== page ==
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Why Do Some People Hate Electric Scooters? (And why we love them)

Electric scooters are witnessing a surge in popularity, revolutionizing the way we perceive urban commuting. With their promise of quick, eco-friendly transportation, they’re becoming a common sight on city streets around the world. Particularly, shared electric scooter services have grown exponentially, offering convenient mobility at the tap of an app. According to Statista, revenue from e-scooter sharing in the US is expected to reach 5000.5 billion by 2023, a significant increase from the

Pedestrian Concerns: Scooter Clutter and Waste

One of the main criticisms against electric scooters stems from pedestrians who feel the sidewalks are being overtaken by these devices. Shared electric scooters, in particular, have been cited as the primary culprits, often left on sidewalks, parks, and other public places, leading to clutter and hindering pedestrian mobility.

Furthermore, critics argue that the surge of shared electric scooters contributes to waste, as the short lifespan of these scooters coupled with improper disposal practices can lead to environmental harm.

Although these concerns hold merit, it’s crucial to differentiate the environmental impact of shared electric scooters from that of personal electric scooters. As sustainability researcher Helie au points out, owning a personal electric scooter can cut its carbon footprint in half compared to shared ownership.

In fact, personal scooters such as those offered by Miniwalker tend to be more eco-friendly. Owners are more inclined to maintain their scooters properly, prolonging their life and reducing waste. over, the issue of haphazardly discarded scooters cluttering urban landscapes is mitigated, as personal electric scooters are usually kept at home when not being used.

It’s clear that the issue isn’t with electric scooters themselves, but with how they’re used and managed in shared scenarios. Personal electric scooters can offer all the benefits of convenient, green urban transportation without contributing to clutter and waste. Shared electric scooter platforms are also starting to provide solutions for scooter clutter, but we are still years away before legislation can catch up with the explosive growth of the industry.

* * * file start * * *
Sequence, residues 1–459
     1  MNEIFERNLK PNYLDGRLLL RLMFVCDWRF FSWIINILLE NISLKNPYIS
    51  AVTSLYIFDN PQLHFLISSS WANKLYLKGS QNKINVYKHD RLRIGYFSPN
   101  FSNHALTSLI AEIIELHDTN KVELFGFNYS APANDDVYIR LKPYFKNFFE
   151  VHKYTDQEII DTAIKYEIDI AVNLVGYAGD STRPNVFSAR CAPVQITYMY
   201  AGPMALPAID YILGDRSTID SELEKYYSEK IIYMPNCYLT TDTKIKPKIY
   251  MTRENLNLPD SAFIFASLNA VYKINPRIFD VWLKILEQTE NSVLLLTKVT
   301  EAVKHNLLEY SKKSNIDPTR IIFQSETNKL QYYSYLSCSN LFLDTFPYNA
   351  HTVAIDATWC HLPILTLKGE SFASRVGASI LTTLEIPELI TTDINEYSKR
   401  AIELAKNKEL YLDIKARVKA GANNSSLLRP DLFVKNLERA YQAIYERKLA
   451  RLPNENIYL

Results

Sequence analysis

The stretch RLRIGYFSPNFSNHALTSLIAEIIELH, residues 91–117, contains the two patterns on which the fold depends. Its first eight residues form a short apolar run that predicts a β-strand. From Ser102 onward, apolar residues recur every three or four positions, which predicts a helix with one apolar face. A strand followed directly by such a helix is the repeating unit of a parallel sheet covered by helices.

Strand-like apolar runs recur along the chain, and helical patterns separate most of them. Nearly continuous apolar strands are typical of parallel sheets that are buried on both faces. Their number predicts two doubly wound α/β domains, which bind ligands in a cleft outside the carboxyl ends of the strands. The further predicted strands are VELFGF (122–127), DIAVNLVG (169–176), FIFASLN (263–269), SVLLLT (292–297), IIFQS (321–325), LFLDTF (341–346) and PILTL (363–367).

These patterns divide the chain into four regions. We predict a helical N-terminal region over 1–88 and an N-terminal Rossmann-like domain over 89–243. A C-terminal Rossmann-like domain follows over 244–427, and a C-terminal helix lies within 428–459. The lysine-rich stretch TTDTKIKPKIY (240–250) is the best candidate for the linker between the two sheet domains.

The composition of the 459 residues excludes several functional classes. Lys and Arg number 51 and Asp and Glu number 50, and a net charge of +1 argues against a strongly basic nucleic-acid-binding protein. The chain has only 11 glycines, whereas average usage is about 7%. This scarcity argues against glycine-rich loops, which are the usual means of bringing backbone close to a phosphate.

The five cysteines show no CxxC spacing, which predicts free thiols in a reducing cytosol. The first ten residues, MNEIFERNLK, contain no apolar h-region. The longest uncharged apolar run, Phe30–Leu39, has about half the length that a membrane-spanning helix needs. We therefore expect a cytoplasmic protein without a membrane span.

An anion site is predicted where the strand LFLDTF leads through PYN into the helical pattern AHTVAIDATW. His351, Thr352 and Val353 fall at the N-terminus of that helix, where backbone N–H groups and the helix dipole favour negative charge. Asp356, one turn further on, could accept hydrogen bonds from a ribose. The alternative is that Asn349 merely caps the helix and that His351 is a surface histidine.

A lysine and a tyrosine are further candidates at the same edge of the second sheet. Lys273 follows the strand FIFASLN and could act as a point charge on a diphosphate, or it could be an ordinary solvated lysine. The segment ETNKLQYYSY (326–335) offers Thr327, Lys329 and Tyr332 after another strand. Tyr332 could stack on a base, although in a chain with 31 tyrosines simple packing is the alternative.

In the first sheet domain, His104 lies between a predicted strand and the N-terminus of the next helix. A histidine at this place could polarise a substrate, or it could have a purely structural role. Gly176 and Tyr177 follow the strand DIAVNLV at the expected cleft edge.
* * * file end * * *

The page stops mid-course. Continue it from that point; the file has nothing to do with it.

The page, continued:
While safety on the roads is a valid concern for everyone involved, it’s essential to remember that electric scooters, when operated responsibly, can share the road without posing a significant risk to drivers. Good riding etiquette, such as sticking to bike lanes where available and not weaving between traffic, goes a long way in ensuring a harmonious coexistence.

Implementing infrastructure changes, like designated bike lanes, can significantly alleviate the concerns related to electric scooters in the cities. In fact, numerous cities have seen improvements in traffic and safety following the introduction of designated lanes for bikes and scooters. Corey Harper from Carnegie Mellon University reports: The big takeaways are that micromobility could decrease congestion, especially on highly congested corridors. But you’re going to need wide-scale bike lane deployment”

While drivers and electric scooter riders may currently be at odds in some areas, better infrastructure, coupled with responsible riding, can lead to a safer, more efficient urban commute for all.

.6 billion it was estimated in 2018.

On the other hand, personal electric scooters are also gaining traction, attracting urban commuters who seek a sustainable alternative to traditional transport modes. Companies like Miniwalker are at the forefront of this movement, creating high-quality electric scooters designed for the speed, reliability, and freedom that city adventurers crave.

Despite their numerous benefits, electric scooters have garnered some criticism. Pedestrians and drivers alike express concerns, ranging from scooters cluttering sidewalks to obstructing roads. This article will delve into these concerns, dispelling misconceptions and exploring how city infrastructure and regulations can adapt to make room for the future of urban transportation.

The Urban Solution: Designated Lanes and The Best Scooter for City Life

When it comes to reconciling the needs of pedestrians, drivers, and scooter riders, city planning plays a pivotal role. The implementation of designated lanes for bikes and scooters could be a game-changer, offering a dedicated space for riders that doesn’t impede pedestrian walkways or disrupt road traffic.

Aside from city infrastructure, choosing the right electric scooter can make a world of difference in navigating the urban jungle. The best scooter for city life is one that is portable, reliable, and easy to handle. A scooter that can effortlessly glide through bike lanes, that’s light enough to carry into an office or apartment, and reliable enough to get you to your destination on time.